The last few weeks have been busy for firefighters in California, and depending on the weather we get, it could end up being a busy winter for water and hydropower managers, too.
Several wildfires have burned along important river corridors in the Sierra Nevada over the last few weeks. The Kyburz Firestarted next to Highway 50, burning along the South Fork of the American River- a key contributor to Folsom Lake which provides drinking water to the cities of Folsom, Sacramento, and El Dorado Hills, and serves farms in the valley through the Federal Central Valley Project. The South Fork of the American River is also an important hydropower provider – the Sacramento Municipal Utility District can supply up to 20% of their customers’ electricity needs through their system along the Upper American River. The Lowell Fire in Nevada County burned along the Steep Hollow drainage, a tributary to the Bear River and part of the system that feeds the Nevada Irrigation District’s (NID) hydropower and drinking water supply systems. NID supplies water to nearly 25,000 homes, farms and businesses in Nevada and Placer counties. Their hydropower system generates electricity to supply the equivalent of more than 60,000 homes, and feeds into the Pacific Gas and Electric Company’s grid. The Willow Fire near Bass Lake in Madera County continues to burn along Willow Creek in the headwaters of the San Joaquin River, which feeds Millerton Lake and is an important source of water for agriculture in the South San Joaquin Valley.
It’s still too early to tell whether these fires burned at high enough intensity to result in a large amount of damage, and they may even end up being ecologically beneficial. Either way, it’s important to recognize that wildfire in the Sierra Nevada has a direct impact on California’s water and power. Each of these watersheds are of critical importance to both the local system and to a larger network that supplies Californians with water and energy. Whether it helps to thin underbrush and protect water and power resources, or whether it destroys everything in its path, wildfire and forest health play a big role in the long-term reliability of California’s water system.
The forests that line the slopes along river corridors stabilize the soil, holding it to the hillside and slowing runoff into the waterway. When that vegetation is severely burned, as it was in several areas during the King and Rim Fires, the plants and trees die, their roots decay, and there’s nothing to keep the soil from sliding in to the river. The result is what Placer County Water Agency (PCWA) has been experiencing following last summer’s King Fire. Even with the ongoing drought, the minimal rain events that we have had have washed top soil from the burned area into the Rubicon River, impacting water quality and reducing capacity in PCWA’s reservoirs. PCWA has already spent over a million dollars protecting water and power infrastructure following the King Fire. If the are true, the coming large precipitation events have the potential to cause a significant amount of damage to water and power infrastructure downstream.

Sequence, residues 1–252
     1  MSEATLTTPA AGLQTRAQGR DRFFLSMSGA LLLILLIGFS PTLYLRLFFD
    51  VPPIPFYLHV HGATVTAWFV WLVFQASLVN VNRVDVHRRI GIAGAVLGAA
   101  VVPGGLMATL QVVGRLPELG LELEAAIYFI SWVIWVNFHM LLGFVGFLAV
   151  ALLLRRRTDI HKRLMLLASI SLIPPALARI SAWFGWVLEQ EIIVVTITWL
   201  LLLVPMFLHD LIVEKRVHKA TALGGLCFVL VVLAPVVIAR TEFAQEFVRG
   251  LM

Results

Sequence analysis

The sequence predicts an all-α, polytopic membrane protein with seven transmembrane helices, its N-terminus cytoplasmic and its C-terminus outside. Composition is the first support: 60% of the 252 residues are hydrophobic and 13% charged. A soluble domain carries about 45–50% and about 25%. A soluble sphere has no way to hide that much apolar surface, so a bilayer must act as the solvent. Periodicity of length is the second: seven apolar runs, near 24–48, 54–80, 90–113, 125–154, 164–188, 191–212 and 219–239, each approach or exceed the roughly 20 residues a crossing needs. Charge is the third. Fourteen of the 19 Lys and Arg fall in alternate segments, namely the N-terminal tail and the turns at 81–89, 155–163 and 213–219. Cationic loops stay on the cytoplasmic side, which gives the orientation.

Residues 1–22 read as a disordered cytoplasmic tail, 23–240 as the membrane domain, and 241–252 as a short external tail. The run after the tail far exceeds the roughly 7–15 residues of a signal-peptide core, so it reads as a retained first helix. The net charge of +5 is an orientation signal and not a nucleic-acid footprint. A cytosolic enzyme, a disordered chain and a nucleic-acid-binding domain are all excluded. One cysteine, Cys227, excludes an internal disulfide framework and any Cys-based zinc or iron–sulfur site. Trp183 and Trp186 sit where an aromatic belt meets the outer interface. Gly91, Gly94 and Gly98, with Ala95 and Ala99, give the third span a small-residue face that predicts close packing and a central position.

We often focus on the local impacts of fires when they occur – the evacuations, the road closures, even the local air quality impacts – but there are also long-term impacts that affect all of California. As our climate gets warmer, wildfires in the Sierra Nevada are likely to become more frequent and more damaging. Without a coordinated effort to restore our forests and change the way fire burns through the Sierra Nevada, California’s water and hydropower systems may continue to be at risk.
That is why the Sierra Nevada Conservancy has partnered with the U.S. Forest Service to launch theSierra Nevada Watershed Improvement Program – a coordinated, integrated, collaborative program to restore watershed health in the Sierra Nevada. Over the next year, the SNC, the U.S. Forest Service, and a wide variety of other state and federal agencies, non-governmental organizations, local governments, Tribes, and private landowners will be working together to identify the true restoration needs in the Sierra Nevada, and establish a list of investments that can be made to protect water quality; reduce the risk of large, damaging wildfires; stabilize carbon storage; restore critical habitat; protect recreational resources; and improve the overall health of our Sierra forests.
Continuing down our current path in the Sierra is not an option. Let’s change the direction of that path, and instead move towards a healthy Sierra Nevada Region and a healthy future for California.